17 Oct 6 Statements That Will Kill Your Career Options
It often seems like just a few monumental choices define our professional lives. In actuality, while big decisions do matter, careers are actually built job-by-job, project-by-project, and day-by-day.
That’s the insight from Jack Quarles and his latest book, Expensive Sentences. Quarles’ book discusses “expensive sentences” often used in business; sentences like “The customer is always right.” However, there are “expensive sentences” that can derail your career decisions too
In my e-mail with Quarles, it was clear that the best place to improve your career opportunities may be at the conversational level. It’s the way we talk to others—and to ourselves—that often shapes our thinking and defines our possibilities.
As Quarles pointed out, the things we say and hear can also limit our options or lead us to accept less than the best. It’s statements like these that can limit your career possibilities:
- “It seemed like a good job, so I took it.”
- “My dad really wanted me to be a _____, so here I am.”
- “It’s too late to switch my career.”
- “I’d love to do that, but it would pay less.”
- “I trusted them. I thought they would take care of me.”
- “I’m not a good negotiator.”
If any of those made you wince, it may be because you’ve learned a painful lesson or two. You’ve seen how conventional advice and common expressions can easily become “Expensive Sentences.”
What’s an “Expensive Sentence?” It starts as a sentence that sounds right or even wise, but it ends up costing you money, time, opportunity, or joy.
If you haven’t been burned by toxic advice in the past, then maybe you don’t have to learn the hard way. Let’s unpack a few of the most Expensive Sentences that affect careers so we can all be on the lookout.
“It seemed like a good job, so I took it.”
Serendipity can lead us into wonderful surprises, but ultimately you want to be intentional about your vocation and career. Figure out what you like and what you don’t like. Decide what is important to you.
“My dad really wanted me to be a _____, so here I am.”
Honoring parents is wonderful, but choosing a profession to please a parent (teacher, pastor, or coach) is a recipe for disaster. Accept that well-meaning people often give misleading advice, and make sure you do what you do for your own reasons.
“It’s too late to switch my career.”
There are plenty of examples of people changing careers in their 40s, 50s, and 60s, and some of them go on to have great impact. Ten years from now we’ll all be ten years older… will you be doing something at that time that is deeply satisfying?
“I’d love to do that, but it would pay less.”
Practicality is essential, but taking a pay cut can be one of the most liberating experiences, especially if you are joyless in your current lucrative post. Run the numbers and consider reducing your expenses. Maybe it’s worth living in a smaller house if it means you wake up every Monday morning with purpose and energy.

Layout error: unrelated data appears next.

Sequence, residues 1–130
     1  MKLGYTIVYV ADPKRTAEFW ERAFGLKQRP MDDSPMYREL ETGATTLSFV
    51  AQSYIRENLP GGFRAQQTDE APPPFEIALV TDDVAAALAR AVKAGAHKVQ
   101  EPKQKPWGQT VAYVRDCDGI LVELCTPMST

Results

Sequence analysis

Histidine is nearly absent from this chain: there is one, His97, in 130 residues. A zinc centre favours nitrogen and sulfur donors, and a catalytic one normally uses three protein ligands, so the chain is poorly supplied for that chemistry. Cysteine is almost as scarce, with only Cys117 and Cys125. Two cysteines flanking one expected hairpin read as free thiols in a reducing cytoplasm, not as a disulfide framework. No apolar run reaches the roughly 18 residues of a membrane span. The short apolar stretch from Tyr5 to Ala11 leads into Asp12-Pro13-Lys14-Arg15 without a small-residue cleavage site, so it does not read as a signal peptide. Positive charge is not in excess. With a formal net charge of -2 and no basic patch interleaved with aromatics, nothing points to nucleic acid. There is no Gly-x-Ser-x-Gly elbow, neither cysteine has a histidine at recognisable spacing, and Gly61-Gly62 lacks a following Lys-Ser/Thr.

“I trusted them. I thought they would take care of me.”
We need to trust, but we are responsible for our own success and advancement. Even if those around you have the best intentions, they have their own fish to fry and may not know what’s most important to you. You can be canny without being cynical.
“I’m not a good negotiator.”
Great actors may have a leg up when negotiating, but the true magic in negotiation is not magic at all: it’s the skill of learning what’s important to you and developing options. Anyone can improve in these areas, and they will bring more true power in a negotiation, regardless of who delivers their lines better.
Have you caught yourself saying or thinking one of these expensive sentences? We all do, so don’t beat yourself up, but resolve to catch and correct the language that limits you. You have far more options than you realize. Be empowered. But while we are basking in self-reliance, let’s hit one more expensive sentence:
“I’m in it on my own.”
You’re not… Fighting expensive sentences is a team sport. Find a friend or two that you can absolutely trust, and give each other permission to challenge the limiting language that you use. If you don’t have the right one, hire one: pay for a career coach.
Fill your mind with stories of people that overcame adversity to find their sweet spot of impact and meaning. Start reading good books and articles regularly. If you found yourself thinking twice about a few of your assumptions, then this article was worth the time invested.
Pass it on: the next time you’re talking with a friend about the future and hear something that sounds like a closed door, ask them: “Is that really true? Or is it an Expensive Sentence?”
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